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Man says he saw cougar deemed ‘extinct’ in NC — and others say they’ve seen it, too

Mountain lion stares down hikers in frightening encounter in California

Two hikers from San Luis Obispo County, California were on their first day of an 11-day backpacking trip to hike the High Sierra Trail up to Mount Whitney in Sequoia National Forest when they were stopped dead in their tracks by a mountain lion.
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Two hikers from San Luis Obispo County, California were on their first day of an 11-day backpacking trip to hike the High Sierra Trail up to Mount Whitney in Sequoia National Forest when they were stopped dead in their tracks by a mountain lion.

Cougars are considered extinct in North Carolina, but a few dozen people came forward on Facebook over the weekend to say they’re still seeing them in North Carolina, no matter what the experts say.

It started Saturday, when a chef in Morganton sheepishly admitted on a Facebook page devoted to Bigfoot research that he believes he saw a cougar -- also known as a mountain lion -- near the incorporated community of Nebo in western North Carolina.

“I know I’ll catch some flack for this,” posted Billy Hensley on Saturday. “But I will swear this to my grave: I have seen a cougar not once but twice in Nebo in the past month or so.”

Instead of being mocked, Hensley’s post was met with comment after comment from people who say they’ve also seen what they believed is a cougar in the region. Many were defensive, too, knowing they’ll be accused of misidentifying a bobcat as a cougar.

“Billy, we jumped one at Lake James one night on expedition,” posted John Bruner. “It was huge and had a tail 3 feet long. It was not a bobcat.”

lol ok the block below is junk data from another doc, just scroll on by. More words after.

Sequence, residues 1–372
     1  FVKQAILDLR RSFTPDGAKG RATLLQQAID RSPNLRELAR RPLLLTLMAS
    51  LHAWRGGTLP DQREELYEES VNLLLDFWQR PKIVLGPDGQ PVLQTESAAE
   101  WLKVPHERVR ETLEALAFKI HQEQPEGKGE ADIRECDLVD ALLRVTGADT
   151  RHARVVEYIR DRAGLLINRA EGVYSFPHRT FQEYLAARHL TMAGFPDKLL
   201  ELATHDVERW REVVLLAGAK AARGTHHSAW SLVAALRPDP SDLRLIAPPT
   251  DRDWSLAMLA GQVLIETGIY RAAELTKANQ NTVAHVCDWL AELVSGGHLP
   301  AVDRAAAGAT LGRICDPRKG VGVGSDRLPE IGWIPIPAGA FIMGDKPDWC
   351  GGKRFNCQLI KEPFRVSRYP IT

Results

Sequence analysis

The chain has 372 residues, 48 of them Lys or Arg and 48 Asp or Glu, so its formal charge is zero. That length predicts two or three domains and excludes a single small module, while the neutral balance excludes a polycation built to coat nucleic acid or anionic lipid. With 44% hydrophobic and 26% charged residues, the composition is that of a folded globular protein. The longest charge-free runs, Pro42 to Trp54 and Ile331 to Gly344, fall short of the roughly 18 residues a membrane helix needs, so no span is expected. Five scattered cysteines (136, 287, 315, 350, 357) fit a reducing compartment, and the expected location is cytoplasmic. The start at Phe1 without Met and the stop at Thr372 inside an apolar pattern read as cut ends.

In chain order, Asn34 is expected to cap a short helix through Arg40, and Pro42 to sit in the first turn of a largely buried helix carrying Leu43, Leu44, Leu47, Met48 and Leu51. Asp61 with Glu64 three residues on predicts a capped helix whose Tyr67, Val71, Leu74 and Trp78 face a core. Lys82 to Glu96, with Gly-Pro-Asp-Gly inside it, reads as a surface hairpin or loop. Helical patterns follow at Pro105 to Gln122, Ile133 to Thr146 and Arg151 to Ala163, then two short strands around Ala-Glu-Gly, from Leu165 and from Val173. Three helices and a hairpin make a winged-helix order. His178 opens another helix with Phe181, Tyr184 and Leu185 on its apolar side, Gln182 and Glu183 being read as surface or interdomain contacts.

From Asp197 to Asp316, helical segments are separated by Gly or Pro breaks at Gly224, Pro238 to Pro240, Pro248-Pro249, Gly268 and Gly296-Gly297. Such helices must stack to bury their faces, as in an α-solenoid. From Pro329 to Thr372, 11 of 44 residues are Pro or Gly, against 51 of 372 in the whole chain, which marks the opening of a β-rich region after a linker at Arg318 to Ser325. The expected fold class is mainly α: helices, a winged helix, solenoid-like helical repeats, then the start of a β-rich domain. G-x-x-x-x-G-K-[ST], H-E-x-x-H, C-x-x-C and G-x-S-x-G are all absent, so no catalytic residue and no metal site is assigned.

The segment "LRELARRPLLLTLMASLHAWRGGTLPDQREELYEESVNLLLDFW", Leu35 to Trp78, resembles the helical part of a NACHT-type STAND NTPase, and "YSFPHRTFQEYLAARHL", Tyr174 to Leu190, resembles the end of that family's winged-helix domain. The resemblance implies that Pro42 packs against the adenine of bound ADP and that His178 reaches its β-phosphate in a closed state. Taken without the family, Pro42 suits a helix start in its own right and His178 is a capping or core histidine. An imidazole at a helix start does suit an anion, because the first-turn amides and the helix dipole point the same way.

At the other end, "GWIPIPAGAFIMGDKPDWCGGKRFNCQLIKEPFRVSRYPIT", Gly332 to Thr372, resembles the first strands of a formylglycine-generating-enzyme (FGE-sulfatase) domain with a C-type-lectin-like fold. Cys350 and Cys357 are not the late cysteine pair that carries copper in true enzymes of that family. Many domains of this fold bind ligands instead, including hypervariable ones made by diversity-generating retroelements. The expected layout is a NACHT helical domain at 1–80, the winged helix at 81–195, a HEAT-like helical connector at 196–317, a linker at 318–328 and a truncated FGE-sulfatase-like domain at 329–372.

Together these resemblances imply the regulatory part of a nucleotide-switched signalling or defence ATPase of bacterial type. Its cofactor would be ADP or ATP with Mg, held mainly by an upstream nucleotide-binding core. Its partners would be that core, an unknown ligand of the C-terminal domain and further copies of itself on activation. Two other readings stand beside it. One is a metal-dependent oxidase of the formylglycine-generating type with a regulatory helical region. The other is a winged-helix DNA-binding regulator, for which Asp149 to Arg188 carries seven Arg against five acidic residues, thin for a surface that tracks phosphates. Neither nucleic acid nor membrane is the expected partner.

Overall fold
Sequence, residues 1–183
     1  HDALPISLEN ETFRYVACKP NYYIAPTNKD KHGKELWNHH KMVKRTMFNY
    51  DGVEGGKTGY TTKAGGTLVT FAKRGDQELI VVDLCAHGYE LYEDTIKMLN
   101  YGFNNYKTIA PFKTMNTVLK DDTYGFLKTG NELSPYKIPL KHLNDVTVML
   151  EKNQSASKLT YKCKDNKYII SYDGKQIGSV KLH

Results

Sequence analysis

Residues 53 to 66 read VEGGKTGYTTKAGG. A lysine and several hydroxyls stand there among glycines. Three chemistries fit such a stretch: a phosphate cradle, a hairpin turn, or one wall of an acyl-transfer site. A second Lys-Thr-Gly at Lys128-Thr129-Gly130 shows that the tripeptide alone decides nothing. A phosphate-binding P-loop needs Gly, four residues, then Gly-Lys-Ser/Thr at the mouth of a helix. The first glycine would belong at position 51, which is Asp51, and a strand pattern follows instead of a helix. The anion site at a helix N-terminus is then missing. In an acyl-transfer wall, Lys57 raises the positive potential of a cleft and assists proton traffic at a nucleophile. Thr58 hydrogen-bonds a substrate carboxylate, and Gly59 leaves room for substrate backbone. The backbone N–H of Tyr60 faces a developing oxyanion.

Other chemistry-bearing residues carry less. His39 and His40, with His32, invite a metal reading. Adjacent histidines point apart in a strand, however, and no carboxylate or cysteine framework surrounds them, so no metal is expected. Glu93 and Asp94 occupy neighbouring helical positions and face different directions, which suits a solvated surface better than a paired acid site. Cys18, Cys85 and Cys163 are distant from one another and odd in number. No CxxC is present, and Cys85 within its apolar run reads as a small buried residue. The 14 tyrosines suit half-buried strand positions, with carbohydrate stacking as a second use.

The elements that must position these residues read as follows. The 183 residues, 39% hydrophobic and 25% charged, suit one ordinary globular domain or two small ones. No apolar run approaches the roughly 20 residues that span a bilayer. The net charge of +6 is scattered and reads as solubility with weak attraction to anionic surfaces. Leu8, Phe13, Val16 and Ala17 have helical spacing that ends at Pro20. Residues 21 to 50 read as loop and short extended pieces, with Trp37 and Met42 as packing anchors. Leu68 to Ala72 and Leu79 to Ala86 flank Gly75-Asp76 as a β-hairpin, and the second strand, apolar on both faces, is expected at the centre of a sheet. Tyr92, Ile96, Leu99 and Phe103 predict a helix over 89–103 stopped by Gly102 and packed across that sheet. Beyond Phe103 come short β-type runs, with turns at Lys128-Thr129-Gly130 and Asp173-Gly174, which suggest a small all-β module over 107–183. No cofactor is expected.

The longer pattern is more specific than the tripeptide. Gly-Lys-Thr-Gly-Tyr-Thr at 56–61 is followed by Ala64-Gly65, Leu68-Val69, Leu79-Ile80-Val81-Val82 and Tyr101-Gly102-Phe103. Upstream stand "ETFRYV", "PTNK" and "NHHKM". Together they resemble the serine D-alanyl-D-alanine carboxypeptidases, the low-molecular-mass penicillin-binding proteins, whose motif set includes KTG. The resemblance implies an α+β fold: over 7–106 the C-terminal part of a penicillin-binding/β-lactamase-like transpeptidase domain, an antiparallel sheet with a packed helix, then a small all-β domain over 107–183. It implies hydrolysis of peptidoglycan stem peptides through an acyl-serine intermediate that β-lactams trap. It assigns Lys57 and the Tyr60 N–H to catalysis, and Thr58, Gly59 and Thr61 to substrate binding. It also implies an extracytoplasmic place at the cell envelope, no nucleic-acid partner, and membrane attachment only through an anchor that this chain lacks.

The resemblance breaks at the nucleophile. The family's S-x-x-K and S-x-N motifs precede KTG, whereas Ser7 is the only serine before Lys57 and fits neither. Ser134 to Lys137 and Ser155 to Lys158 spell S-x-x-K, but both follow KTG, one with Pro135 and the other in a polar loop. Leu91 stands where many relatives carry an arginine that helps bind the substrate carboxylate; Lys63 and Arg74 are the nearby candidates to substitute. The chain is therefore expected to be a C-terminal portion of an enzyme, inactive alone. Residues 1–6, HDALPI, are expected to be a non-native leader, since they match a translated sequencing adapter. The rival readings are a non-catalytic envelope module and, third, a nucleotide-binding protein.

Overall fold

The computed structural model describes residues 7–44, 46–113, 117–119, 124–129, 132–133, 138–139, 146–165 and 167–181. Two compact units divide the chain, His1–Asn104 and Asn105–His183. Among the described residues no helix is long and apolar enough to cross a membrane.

“I’ve seen one about a half mile from my house in Green Mountain - which is in Yancey County,” posted Kim Owens-Mayhew on Facebook. “Definitely a cougar, like you saw...I’ve seen bobcats too and they’re not even close to the same size, length, and of course the tails are different.”

“I think it’s condescending and dismissive when wildlife biologists or whoever say that they aren’t around when people obviously are seeing them,” wrote Tiffinay Al-Maqtari on Facebook. “There was one outside of my son’s school once and all the kids saw it. They are just incredibly elusive.”

N.C. Wildlife Resources officials told the Charlotte Observer that Eastern Cougars are an extinct species of large cat that is now only found in part of Florida. At full size, males are an unmissable 6-to-8-feet long and can weigh 150 pounds, say state officials.

“There are no known cougars in North Carolina,” Jodie Owens of the N.C. Wildlife Resources Commission told the Observer. “We get lots of reports every year from folks who think they’ve seen a cougar. Usually, it’s a house cat, bobcat, coyote, even dogs or black bears that have been misidentified as cougars.”

North Carolina state biologist Brad Howard said in a report that we would have stronger evidence if the large cats were still living in the state.

“At some point in time over the last 100 years, a cat would have been hit by a car, shot by someone or otherwise documented coming into the state,” Howard wrote. “So, while the stories are fun and the legends are as old as our state, the legendary cat of the mountains and the swamps is just that, a legend.”

Still, reported sightings persist, as indicated by response to Billy Hensley’s Facebook post.

He told the Charlotte Observer he had gotten off from work in Morganton and was driving through Nebo near neighboring McDowell County when he saw what looked like a cougar “jump across the road” 75 yards in front of his vehicle.

“I was stunned but knew what I saw wasn’t a dog or anything else for that matter,” he told the Observer, adding that he was surprised at the response to his admission.

“It’s amazing how many people came out of the wood work to tell about their sightings.”

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